mr. mondale: i saw the vote but have never mentioned it. what i talked about was, where unlike some senators, you refused to vote on a windfall profits tax which, if successful, would have given the oil $250 million. sen. hart: there you go again. mr. mondale: secondly, i talked about your $10 a barrel tax. that is the worst idea in this campaign. sen. hart: that was a carter-mondale initiative. mr. mondale: oh, no. i have had nothing to do with that, it is the worst idea. carter is not for it. nobody except you is for it, and you are not talking about it anymore it is so bad. half a million people lose their jobs. america will become the highest cost producing area in the country. talk about intrusion and destruction of jobs and entrepreneurship and position in international trade. this is a disaster. i do not think you thought it through. sen. hart: let me respond.
mr. mondale: let me finish my point. rev. jackson: this is a bad idea. [laughter] mr. chancellor: i am terribly worried. you either have a choice -- i am sorry, but the clock is inexorable -- of having a chance to say what you want to say at the end or squeezing it at the very end. so senator, can you say it in 25 words or less? sen. hart: less than that. i voted for a carter-mondale tariff on imported oil. i was only one of 15 senators who had the courage to support this administration. and i proposed a windfall profits tax of 100% on old oil owned by the big oil companies in this country. that goes beyond carter-mondale.
mr. mondale: this is a complete distortion of what he did -- can i have 25 seconds? sen. hart: that is not a distortion. mr. mondale: when we needed you, you were wrong. sen. hart: that is not right. mr. chancellor: i will ask you now, if we can get your reasoned closing statements. we will all take a breath. sorry, senator mcgovern, but we have to do that. the first one we asked, preordained by lot, the first one who goes is senator hart. sen. hart: i have no idea how the primaries and caucuses will come out next tuesday or beyond. i obviously hope that i will be successful. i hope so for several reasons. george mcgovern talked about the great leaders of our past, democratic or otherwise. my values are as deeply rooted in those leaders and that past and those ideals as any person on this platform, indeed, in this country. but it is interesting the
leaders he mentioned represented something else than just ideals and principles. they represented change. when this country has had the change, it came to this party. for those who had a policy and a set of ideas and a vision for this country's future. that is what this campaign is about. i think that's why people are responding to it all across this country. we cannot go back. to achieve the highest ideals, values, and goals of this country, we must have new leadership and a new approach and a fresh start for the country. mr. chancellor: thank you. mr. jackson. rev. jackson: if we have new leadership to replace old leadership but going basically in the same direction, not sharing the ticket with a woman, increasing the military budget, resisting a real commitment to enforcing the voting rights act, that is a new face or a new name by an old game. we need to go another direction. our party has to be the party of conscience. the fact is under reagan, there are 5 million more people who are poor. 3 million of whom are children. now up to 15% of our nation.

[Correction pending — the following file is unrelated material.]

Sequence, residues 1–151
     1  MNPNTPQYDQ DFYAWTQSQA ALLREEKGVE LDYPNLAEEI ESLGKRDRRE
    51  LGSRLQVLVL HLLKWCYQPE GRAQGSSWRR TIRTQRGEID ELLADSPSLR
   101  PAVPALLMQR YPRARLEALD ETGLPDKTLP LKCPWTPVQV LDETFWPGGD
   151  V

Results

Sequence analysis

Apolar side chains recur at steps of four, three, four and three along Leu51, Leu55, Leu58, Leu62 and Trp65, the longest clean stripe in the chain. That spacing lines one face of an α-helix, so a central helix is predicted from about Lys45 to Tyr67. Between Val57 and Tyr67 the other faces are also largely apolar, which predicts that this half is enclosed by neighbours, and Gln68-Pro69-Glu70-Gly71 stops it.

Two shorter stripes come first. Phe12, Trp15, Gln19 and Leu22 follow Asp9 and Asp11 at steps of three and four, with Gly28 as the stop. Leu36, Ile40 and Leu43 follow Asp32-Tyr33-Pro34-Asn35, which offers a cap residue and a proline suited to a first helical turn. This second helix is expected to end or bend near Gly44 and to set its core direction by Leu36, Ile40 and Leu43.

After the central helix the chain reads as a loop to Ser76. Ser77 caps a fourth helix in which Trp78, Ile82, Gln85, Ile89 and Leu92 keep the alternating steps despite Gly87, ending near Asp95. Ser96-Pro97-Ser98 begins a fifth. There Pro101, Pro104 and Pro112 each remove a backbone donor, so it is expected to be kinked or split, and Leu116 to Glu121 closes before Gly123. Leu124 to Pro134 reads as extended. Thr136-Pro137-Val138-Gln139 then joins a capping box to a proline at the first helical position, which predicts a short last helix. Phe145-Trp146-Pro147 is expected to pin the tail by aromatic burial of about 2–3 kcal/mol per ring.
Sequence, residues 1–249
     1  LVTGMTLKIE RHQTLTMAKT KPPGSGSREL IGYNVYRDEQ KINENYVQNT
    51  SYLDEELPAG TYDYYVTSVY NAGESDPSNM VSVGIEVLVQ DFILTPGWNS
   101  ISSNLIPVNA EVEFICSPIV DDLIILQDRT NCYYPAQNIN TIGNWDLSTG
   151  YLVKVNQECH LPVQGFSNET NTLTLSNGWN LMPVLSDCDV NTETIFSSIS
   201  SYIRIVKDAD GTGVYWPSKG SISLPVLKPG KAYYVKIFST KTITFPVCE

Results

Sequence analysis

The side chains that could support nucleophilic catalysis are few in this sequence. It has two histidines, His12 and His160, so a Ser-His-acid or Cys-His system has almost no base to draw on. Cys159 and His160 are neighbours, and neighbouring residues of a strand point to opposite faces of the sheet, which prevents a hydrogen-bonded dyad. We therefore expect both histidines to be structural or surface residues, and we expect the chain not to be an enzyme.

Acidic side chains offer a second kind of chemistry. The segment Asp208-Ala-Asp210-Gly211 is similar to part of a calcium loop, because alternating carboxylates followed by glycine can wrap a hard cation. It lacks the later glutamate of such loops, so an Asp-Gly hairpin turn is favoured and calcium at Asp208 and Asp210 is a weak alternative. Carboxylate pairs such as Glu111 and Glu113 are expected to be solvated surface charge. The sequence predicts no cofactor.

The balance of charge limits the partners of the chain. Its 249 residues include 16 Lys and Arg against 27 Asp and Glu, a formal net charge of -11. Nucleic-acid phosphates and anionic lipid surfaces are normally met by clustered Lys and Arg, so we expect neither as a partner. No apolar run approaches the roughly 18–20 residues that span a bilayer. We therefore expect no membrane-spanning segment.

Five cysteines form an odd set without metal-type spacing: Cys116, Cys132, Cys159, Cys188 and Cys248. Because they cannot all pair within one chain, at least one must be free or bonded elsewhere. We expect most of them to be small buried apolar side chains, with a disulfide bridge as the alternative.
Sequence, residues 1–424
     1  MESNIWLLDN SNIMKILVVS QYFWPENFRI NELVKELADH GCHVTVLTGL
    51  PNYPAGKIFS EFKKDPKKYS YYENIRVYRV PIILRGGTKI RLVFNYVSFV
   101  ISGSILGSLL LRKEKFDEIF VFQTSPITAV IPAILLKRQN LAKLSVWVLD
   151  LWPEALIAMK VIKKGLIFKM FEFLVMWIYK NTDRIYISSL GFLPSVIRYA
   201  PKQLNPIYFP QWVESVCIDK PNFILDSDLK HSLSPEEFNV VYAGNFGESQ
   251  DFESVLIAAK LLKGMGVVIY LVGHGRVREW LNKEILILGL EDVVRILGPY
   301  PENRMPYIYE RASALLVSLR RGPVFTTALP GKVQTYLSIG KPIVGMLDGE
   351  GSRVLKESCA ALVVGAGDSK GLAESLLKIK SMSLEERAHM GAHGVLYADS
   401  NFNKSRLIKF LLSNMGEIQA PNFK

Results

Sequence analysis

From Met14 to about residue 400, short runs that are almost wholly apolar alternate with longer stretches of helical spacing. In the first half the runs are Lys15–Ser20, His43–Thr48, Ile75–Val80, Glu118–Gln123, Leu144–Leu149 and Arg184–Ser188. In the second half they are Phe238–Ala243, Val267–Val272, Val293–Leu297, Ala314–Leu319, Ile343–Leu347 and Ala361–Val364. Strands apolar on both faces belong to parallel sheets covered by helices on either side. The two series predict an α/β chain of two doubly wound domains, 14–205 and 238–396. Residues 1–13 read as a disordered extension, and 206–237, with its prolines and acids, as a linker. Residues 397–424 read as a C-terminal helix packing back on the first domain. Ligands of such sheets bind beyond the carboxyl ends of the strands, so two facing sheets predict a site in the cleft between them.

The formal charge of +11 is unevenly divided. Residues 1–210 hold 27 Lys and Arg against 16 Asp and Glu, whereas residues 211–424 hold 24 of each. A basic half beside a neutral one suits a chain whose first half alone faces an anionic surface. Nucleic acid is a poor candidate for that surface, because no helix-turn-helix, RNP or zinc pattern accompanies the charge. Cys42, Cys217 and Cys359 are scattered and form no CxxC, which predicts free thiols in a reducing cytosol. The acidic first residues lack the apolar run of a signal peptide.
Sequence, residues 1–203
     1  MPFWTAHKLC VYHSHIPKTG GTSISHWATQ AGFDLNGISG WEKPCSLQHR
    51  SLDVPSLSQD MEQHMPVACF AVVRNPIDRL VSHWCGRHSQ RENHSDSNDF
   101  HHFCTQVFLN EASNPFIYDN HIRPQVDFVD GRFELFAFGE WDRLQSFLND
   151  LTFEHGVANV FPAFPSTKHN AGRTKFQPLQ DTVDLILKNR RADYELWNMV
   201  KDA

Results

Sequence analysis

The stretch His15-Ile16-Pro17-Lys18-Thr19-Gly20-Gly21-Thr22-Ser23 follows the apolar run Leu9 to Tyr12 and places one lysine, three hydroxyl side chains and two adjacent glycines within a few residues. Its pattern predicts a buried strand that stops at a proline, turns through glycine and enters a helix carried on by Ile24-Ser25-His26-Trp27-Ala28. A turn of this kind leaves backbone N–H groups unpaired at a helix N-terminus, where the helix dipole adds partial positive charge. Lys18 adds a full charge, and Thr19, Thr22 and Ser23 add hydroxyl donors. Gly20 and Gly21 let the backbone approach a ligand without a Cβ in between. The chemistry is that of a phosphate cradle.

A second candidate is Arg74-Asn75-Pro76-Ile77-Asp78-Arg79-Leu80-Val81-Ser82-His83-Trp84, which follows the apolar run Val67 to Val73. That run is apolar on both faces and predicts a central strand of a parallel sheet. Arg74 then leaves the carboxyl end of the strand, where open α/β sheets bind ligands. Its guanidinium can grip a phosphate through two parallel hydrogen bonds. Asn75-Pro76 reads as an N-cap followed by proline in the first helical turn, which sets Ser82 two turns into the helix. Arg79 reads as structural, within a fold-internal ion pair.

it will be 41 million by the end of this year. there must be a commitment to lift those votes stuck at the bottom. we must reduce the military budget without reducing our military defense. use that money to create a future for our children, that they may be able to lay bricks and not throw them. if we give our children a chance, it will give our nation a chance. i remain convinced we will suffer, but suffering breeds character. character breeds faith. and in the end, faith will not disappoint. we must pursue those values. mr. chancellor: mr. mcgovern. mr. mcgovern: since gary and fritz have been objected to being called a front runner, i hope they will let me take that label with me back to boston. franklin roosevelt once said that the presidency is pre-eminently a place of moral leadership. that is true. that means the next president will have to seek, above all else, our salvation from nuclear annihilation.